The complaint the first hired ones make is based on an understanding on everyones status before the landowner. Were they all merely day laborers, as they certain saw themselves to be, or was the relationship to be more? The landowner seems to be dealing with the laborers as if they were members of his household. Within his own house, indeed, he can do with his money and his people as he pleases and he is pleased to be generous. 
“Unless you change and become like children, you will never enter the kingdom of heaven,” (18:3) and again: “it is to such as these [little children] that the kingdom of heaven belongs.” (19:14) 
How do you prefer to be treated? Like one who has a labor contract or like one who belongs to the house? The landowner is happy to keep his obligations to those with whom he had a contract. But is a bargain enough for you? (If so, what kind of bargain do you think you have and is it enough?) To whom do kings give the thrones of their realm? (19:28)
Peter has given up his business and place in the social web of Capernaum. He left behind old ties to become part of new ones. Does he understand it as a bargain as day laborer’s handshake or as a new life of trust that as Jesus’ disciple all will be well and that with God all things are possible? 

Bargains are made all the time, even in families even in the Family of God. But there is a difference between owing our kids something and owing a 17 year old with an attitude something. There is a difference between being told to do something by a stranger and being told the same by dad. There is a difference between being criticized by a woman  on the street and being told the honest truth by ones wife. As long as Jesus is the other, outside of my circle of family, all things are merely bargains. Once the rich young man joins the Family of God all the bargains are merely the ways of the Family. To whom do kings give the thrones of their realm? (19:28)Where is eternal life found? 

Greek Studies for Matthew 18:22-35

Greek Study Matthew 18:21-35

v21 προσελθων (προσερχομαι) aor. part. "came" – approached and said…
κυριε (ος) "Lord" – a common form of address, for the disciples it could range from respect, "Sir" to person in charge, "boss".
ποσακις adv. "how many times?" –they seek a limit for forgiveness and it relates to the previous passage where God has no limit, but it is a different quality of sin. 
ο αδελφος (ος) "[my] brother" – so context implies believer, i.e. church.
εως + gen. "up to [seven times]" – the upper limit - under Rabbinic law the upper limit was 3 so Peter's 7 is generous, twice as much as required plus 1…

v22 εβδομηκοντακις επτα "seventy-seven times"  possibly seventy times seven or 490, or seventy plus seven i.e. 77. If Jesus is quoting Gen.4:24 then it is 77 in any case a lot

v23 των ουρανων (ος) gen. "[the kingdom] of heaven" ωμοιωθη (ομοιοω) aor. pas. "is like" – a comparative (see the Kingdom parables).
λογον (ος) "accounts" – usually means "word” but here in the forensic sense of calculation.
δουλων (ος) "servants" – usually means slave, but here is suggested that these servants are the king’s accountants, so it is likely the man in question is cooking the king’s books!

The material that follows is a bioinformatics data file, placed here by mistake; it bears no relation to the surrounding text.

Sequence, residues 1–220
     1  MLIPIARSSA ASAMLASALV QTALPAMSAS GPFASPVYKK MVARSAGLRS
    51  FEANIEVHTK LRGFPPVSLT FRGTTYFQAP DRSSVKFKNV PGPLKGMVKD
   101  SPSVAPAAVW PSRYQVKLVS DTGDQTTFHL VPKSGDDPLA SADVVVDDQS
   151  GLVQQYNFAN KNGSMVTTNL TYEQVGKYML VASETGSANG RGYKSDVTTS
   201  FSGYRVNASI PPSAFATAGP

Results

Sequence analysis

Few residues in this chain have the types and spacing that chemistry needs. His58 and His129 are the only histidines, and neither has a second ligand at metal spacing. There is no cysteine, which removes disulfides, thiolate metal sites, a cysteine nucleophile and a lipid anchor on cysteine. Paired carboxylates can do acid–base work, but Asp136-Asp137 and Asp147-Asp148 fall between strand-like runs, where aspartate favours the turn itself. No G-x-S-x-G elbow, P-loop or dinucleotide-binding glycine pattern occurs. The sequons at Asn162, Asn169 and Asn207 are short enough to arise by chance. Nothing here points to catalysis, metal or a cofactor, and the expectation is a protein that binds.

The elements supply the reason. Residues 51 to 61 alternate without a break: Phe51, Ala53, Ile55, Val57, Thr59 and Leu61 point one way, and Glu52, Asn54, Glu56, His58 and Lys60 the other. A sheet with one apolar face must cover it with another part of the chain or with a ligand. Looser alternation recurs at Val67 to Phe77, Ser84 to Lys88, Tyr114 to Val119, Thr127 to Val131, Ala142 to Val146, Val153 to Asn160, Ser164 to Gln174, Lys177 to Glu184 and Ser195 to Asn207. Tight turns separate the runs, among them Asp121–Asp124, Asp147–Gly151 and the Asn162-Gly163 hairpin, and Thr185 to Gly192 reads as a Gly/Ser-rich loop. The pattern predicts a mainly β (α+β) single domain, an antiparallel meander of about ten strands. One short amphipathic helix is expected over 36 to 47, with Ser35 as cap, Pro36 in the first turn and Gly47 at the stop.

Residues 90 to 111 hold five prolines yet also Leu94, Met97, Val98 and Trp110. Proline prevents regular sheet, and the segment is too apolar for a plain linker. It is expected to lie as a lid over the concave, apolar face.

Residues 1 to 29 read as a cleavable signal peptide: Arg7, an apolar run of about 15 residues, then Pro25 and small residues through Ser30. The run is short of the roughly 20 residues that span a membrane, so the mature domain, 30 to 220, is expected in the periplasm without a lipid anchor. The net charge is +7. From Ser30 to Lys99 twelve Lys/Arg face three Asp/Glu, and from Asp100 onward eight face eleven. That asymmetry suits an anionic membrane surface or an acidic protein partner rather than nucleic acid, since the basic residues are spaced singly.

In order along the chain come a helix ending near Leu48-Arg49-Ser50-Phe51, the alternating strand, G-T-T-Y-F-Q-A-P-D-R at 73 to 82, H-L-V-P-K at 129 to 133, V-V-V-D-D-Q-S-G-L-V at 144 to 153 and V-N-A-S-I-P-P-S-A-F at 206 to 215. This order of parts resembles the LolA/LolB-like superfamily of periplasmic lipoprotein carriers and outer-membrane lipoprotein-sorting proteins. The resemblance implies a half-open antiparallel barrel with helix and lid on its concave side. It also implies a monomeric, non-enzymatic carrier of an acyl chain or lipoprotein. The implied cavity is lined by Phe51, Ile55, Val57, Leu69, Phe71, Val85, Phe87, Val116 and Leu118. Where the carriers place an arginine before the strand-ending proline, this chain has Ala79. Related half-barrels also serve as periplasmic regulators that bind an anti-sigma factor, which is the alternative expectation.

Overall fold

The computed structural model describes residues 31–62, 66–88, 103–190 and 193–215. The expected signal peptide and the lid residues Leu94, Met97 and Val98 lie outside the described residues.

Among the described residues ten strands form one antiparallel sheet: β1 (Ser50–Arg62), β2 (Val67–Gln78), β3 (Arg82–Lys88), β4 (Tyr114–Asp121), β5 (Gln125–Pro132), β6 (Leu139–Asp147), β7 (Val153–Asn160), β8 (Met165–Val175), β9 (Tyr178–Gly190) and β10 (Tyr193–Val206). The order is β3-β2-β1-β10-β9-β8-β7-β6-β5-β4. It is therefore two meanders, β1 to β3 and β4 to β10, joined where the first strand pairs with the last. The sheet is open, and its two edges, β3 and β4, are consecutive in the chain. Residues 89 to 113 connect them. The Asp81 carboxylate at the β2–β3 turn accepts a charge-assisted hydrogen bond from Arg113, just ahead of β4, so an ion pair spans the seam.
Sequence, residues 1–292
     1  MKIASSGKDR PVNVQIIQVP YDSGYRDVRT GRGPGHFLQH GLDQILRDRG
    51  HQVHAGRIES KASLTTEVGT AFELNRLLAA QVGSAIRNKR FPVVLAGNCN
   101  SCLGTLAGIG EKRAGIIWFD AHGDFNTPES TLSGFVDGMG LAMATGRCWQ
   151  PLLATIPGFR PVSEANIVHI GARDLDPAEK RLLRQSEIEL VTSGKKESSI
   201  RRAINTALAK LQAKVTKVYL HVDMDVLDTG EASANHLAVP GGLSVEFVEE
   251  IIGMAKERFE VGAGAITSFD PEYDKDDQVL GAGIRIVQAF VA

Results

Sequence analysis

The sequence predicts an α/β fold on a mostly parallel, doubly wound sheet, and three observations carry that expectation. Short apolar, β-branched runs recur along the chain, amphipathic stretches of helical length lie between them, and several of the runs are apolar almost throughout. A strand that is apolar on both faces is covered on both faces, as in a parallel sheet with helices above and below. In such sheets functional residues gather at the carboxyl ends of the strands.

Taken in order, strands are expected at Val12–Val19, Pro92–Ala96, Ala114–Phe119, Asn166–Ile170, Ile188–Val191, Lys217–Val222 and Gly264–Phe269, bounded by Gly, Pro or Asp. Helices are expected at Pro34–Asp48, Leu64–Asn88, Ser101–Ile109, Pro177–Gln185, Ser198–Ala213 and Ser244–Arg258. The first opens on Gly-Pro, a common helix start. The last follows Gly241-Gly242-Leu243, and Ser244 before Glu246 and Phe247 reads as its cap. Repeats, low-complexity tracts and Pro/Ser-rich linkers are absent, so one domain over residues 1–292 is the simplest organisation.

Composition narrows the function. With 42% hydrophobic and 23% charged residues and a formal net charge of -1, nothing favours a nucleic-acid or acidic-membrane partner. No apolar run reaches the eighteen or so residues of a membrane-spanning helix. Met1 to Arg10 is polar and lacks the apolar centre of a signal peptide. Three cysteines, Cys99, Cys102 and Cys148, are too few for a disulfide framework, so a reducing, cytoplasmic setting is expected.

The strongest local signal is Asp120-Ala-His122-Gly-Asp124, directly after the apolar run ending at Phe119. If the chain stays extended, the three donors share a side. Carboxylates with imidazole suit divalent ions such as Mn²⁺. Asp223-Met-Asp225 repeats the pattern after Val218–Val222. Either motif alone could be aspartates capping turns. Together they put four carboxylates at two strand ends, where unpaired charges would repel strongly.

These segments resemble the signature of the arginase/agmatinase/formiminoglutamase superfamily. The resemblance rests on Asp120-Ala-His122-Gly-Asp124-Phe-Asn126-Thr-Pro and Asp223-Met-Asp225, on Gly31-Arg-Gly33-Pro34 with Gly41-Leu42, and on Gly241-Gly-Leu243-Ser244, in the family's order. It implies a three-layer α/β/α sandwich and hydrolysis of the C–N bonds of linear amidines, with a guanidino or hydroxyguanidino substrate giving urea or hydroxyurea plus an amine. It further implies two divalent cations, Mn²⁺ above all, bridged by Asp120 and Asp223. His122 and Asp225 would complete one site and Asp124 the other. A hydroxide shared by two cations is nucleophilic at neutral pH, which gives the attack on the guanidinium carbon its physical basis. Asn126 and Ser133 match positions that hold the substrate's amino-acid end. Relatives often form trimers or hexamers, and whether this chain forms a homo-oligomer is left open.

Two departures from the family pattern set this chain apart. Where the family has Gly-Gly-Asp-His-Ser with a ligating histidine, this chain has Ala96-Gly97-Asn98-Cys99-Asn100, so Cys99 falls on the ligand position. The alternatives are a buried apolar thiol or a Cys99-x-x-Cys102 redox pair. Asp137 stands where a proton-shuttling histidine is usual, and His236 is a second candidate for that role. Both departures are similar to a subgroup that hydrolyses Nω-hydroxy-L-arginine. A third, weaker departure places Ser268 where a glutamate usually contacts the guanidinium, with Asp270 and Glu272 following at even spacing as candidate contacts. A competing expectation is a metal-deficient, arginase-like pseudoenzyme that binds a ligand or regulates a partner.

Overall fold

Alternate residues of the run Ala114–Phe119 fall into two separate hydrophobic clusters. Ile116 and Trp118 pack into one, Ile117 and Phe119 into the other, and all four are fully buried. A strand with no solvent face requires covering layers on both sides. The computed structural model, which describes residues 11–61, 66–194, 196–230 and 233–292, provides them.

v24 συναιρειν (συναιρω) pres. inf. "settlement of accounts - infinitive is complementary.
ταλαντων (ον) "[ten thousand] talents " –since a "talent" is a measure of weight and could be gold, silver or copper it varies in value, but 10,000 is a huge pile of loot!
προσηνεχθη (προσφερω) aor. pas. "was brought" – under compulsion, kind of an early form of IRS audit!

v25 μη εχοντος (εχω) gen. part. "since he was not able" – i.e. "because" he was not able αποδουναι (αποδιδωμι) aor. inf. "to pay".
ο κυριος "the master". The use of κυριος, three times in this parable Matthew likely wants us to equate this king with Jesus.
πραθηναι (πιπρασκω) aor. pas. inf. "[he ordered] that ........ be sold"- infinitive forms a dependent statement of indirect speech expressing what the master commanded.
αποδοθηναι (αποδιδωμι) aor. pas. inf. "to repay the debt" as above.

v26 πεσων (πιπτω) aor. part. "at this [the servant] fell" προσεκυνει (προσκυνεω) imperf. "on his knees before" - prostrates himself; imperfect expresses continuation of this position during pleading which is also a position for worship.
λεγων (λεγω) part. "he begged" - modal, expressing the manner; "he worshiped him saying .....".
μακροθυμησον (μακροθυμεω) aor. imp. "be patient" an appeal to a superior for mercy.
αποδωσω (αποδιδωμι) fut. "I will pay [you] back" which is, of course, absurd as the debt is beyond repayment!

v27 του δουλου (ος) gen. "the servant's [lord]" - "the master who ruled over that servant."
σπλαγχνισθεις (σπλαγχνιζομαι) aor. pas. part. "took pity on him" - a word usually used of Jesus.  
αφηκεν (αφιημι) aor. "cancelled/forgave” same word Jesus uses in the Lord’s prayer 

v28 δηναρια (ον) "denarii" - One denarius, a Roman silver coin, the value of a single day’s wage -  comparative, ten hundred denarii is quite a sum, ten thousand talents is a butt load as there were 6,000 denarii in one talent.
κρατησας (κρατεω) aor. part. "he grabbed [him]" and επνιγεν (πνιγω) imperf. "began to choke" him. Not unusual for Greek, but very unusual and violent for the NT.